Above—A reproduction of a Calusa bow. This bow was patterned after an "Eastern Woodland Indian" style bow, known as the Sudbury (MA) bow, circa 1620. There are no known examples of the Calusa bowyer's craft. This non-functional exhibition bow is 55.5-inches in length and is made from Captiva Island black mangrove (Avicennia nitida). The handgrip is wrapped with deer hide.









Above—A Calusa style arrow, 31-inches in length. This type of arrow sports fore and rear shafts made from lightweight saplings of Sanibel Island white mangrove (Laguncularia racemosa). In this reproduction the center shaft is Collier County maidencane (Panicum hemitomon). The arrow point is a tooth from the top jaw of a mature bull shark (Carcharhinus leucas). The arrow is fletched with tail feathers from a black vulture (Coragyps atratus).











Above—The business-end of the arrow close-up. The arrow's white mangrove foreshaft is tipped with a bull shark tooth. If sketchy historical accounts are correct, a similar arrow may have been responsible for the death of Florida's "discoverer of record," Juan Ponce de León, in 1521. In my novel, The Calusan, the scenario of the infliction of Juan Ponce's mortal wound unfolds differently.










Above—A Calusa atlatl. This weapon is also known as a "spear-thrower." The Calusa used atlatls to propel long, lightweight darts with remarkable, deadly accuracy. An atlatl was capable of increasing a dart's release force six times greater than a dart cast by arm force alone. Note the finger hole just left of center. This 26.5-inch long atlatl is similar to those uncovered on "Key Marco." This example was crafted from mature Sanibel Island sea grape (Coccoloba uvifera) and is unstained.


Below—An atlatl dart. This example is 66.5-inches in total length. It has a maidencane main shaft and a fore and rear shaft of white mangrove. The feathers are from black vulture tail feathers.  The point is chert.


































Above—The chert point of the atlatl dart. Chert is common in limestone deposits in North Florida. These "heavy" darts, when cast from an atlatl, were capable of piercing steel Spanish breast plate armor. I have thrown this very dart hundreds of feet with the atlatl pictured above.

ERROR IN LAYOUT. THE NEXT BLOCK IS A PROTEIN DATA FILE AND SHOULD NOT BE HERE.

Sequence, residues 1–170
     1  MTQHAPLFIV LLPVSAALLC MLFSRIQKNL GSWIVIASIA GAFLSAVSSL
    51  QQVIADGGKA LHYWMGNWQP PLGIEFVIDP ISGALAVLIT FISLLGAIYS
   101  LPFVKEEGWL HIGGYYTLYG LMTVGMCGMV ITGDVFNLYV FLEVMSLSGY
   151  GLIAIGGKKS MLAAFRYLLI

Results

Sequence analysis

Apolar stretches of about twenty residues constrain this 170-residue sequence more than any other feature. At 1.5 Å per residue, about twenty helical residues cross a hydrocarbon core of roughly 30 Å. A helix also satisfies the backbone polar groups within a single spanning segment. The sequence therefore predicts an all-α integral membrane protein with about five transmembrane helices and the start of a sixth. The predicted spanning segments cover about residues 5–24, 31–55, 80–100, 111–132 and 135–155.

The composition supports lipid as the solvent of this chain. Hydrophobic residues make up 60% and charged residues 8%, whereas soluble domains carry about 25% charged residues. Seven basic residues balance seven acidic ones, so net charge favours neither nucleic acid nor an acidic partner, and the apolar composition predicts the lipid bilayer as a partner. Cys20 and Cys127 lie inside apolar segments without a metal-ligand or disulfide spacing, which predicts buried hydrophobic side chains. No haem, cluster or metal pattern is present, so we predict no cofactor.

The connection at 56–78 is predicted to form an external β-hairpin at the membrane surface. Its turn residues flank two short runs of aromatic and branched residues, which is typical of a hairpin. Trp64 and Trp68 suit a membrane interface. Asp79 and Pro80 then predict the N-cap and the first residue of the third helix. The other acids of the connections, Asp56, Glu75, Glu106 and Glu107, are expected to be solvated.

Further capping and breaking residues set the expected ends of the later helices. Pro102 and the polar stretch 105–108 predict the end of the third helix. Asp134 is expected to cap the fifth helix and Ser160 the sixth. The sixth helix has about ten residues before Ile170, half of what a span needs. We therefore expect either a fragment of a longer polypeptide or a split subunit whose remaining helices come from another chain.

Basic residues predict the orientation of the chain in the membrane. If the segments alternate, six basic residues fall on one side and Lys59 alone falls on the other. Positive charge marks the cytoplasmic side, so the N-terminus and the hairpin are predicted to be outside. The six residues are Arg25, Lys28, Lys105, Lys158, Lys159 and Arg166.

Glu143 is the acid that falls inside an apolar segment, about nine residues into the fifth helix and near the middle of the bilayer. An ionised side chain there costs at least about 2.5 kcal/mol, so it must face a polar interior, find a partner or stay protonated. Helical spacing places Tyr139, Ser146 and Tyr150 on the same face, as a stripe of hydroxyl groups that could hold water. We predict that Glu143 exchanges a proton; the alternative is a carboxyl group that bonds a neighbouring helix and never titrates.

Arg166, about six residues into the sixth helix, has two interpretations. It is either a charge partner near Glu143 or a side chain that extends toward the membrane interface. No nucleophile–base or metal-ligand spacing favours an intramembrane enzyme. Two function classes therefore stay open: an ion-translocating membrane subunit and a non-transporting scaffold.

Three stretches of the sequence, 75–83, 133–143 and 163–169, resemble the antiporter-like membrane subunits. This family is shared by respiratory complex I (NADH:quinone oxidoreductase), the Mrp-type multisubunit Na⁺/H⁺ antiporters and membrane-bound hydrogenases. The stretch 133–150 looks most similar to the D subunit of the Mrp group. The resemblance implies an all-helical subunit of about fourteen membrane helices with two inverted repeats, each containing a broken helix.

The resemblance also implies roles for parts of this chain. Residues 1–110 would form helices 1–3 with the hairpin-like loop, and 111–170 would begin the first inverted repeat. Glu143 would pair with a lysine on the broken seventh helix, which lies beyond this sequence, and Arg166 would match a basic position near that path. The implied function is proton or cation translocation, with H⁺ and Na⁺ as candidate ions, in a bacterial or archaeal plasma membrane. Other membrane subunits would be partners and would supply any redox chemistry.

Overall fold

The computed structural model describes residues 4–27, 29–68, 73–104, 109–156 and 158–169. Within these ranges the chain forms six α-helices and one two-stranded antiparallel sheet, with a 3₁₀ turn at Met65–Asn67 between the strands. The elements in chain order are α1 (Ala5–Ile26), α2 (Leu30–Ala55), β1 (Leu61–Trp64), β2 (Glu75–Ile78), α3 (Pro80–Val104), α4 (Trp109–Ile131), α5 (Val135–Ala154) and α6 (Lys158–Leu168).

Above—(Left)The white mangrove rear shaft of the dart has been carved with a concave end. This is done to accommodate the fit of the atlatl spur. (Right) The cat-like carving on the atlatl. The cat's "tail" is the spur which is fitted into the dart's concave end. The dart shaft is held in place by the thrower's thumb and index finger (the latter fits through the midpoint hole in the atlatl) and the atlatl is thrust forward with a catapulting arm action. Experience in launching a dart cues the caster when to release the finger-hold on the dart shaft. After release, the dart wobbles in flight for an instant but as energy is absorbed by the flexible shaft, it straightens, and strikes the target with remarkable accuracy. For an outstanding demonstration of the atlatl in use see Mel Gibson's 2006 film, Apocalypto. It is available on DVD from Netfix.

















Above—My reproduction of a Calusa shell pick.*** The white mangrove handle is 22.25-inches in length. The shell is a mature Sanibel Island left-handed whelk (aka a lightning whelk), (Busycon sinistrum). The handle is jammed through the undersized holes, then tied firmly in place with deer hide.

    ***I have adopted the name used for similar artefacts from Marco Island.


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The above replication of the famed Key Marco Cat is hand-carved from Honduran mahogany and coated with multi-layers of pure tung oil. It is for sale, inquire by email using our Contact link.


The Calusan is now available in a revised paperback edition through Amazon.com.